To kick things off this week, here’s a beautiful website all about a new typeface for coding called Recursive Sans and Mono. The nifty thing about this typeface is that it’s also a rather intricately made variable font, which means that it has a ton of customizable options to best suit our needs.
So effectively this is actually two separate typefaces in one font file. That means you can animate between the two easily if needs be! In the type specimen website there’s a great example of how to switch between these different options, or “axes”, with the CSS font-variation-settings property:
What does this mean? Well, it means we have all this control now that was previously impossible, we can maybe have more performant sites since we don’t need to download multiple resources, and we can animate text like so:
The example on the left is of a regular spaced font that’s switching between regular and bold, but the example on the right shows how since Recursive is a monospaced variable font there’s no need for that jarrring text jump. Interesting stuff!
Here’s a smart post from Manuel Matuzovic where he digs into why accessibility is so important for building websites:
Web accessibility is not just about keyboard users, color contrast or screen readers. Accessibility is a perfect indicator for the quality of a website. Accessibility is strongly interlocked with other areas of web design and web development. If your website is accessible, it usually means that it’s inclusive, resilient, usable, it offers great UX for everyone, and it’s fast.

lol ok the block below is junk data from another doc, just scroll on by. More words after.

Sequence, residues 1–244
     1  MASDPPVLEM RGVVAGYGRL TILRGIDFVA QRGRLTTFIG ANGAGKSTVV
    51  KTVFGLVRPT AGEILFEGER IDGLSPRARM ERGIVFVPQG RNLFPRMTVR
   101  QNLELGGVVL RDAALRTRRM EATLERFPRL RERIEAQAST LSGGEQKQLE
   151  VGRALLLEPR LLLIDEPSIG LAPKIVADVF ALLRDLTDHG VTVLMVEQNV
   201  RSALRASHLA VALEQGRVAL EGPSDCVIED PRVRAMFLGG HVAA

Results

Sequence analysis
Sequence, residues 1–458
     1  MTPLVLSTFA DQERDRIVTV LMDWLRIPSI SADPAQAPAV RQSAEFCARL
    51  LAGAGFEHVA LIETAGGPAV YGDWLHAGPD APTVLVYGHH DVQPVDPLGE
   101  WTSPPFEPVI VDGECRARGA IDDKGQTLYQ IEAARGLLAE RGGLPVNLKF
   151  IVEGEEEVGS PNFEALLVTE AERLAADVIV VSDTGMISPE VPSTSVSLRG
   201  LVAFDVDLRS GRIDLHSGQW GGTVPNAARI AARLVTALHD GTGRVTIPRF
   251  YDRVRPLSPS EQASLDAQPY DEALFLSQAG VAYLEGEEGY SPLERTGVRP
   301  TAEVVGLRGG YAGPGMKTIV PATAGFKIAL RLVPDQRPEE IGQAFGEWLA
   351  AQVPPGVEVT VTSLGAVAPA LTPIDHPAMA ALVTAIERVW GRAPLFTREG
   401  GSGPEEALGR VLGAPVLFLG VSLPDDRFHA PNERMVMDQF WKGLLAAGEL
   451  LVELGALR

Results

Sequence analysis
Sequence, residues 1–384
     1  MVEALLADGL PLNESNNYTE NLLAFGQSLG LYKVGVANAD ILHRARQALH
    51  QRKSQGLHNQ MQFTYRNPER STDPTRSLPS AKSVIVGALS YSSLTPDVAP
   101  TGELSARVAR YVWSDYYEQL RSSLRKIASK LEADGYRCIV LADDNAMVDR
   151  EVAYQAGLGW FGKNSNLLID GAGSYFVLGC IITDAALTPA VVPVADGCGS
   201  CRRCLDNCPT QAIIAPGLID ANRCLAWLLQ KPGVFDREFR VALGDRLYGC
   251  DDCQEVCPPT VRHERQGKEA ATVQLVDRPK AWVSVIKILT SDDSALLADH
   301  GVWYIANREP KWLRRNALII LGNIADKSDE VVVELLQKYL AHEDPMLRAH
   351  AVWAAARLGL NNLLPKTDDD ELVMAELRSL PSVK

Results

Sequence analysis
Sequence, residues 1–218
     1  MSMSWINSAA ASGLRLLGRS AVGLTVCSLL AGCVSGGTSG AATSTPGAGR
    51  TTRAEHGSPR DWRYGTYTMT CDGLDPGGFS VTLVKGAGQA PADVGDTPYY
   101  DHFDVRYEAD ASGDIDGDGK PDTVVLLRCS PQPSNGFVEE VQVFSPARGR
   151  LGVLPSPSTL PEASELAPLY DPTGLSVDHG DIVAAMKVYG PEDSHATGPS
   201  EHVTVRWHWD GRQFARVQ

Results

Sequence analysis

I love this idea: that you can’t have a good UI that isn’t accessible. And how accessibility and performance and quality are all intermingled. This has me thinking though: I’ve never worked on a project where either accessibility, performance or UI quality was the problem. It’s all of them, always.
Sarah’s written a fantastic piece all about how to animate on the web with Greensock. She breaks down why you might want to use GreenSock over other animating methods, such as it’s really great API for doing the actual animating (whereas CSS animations can get a bit finicky if they’re complicated).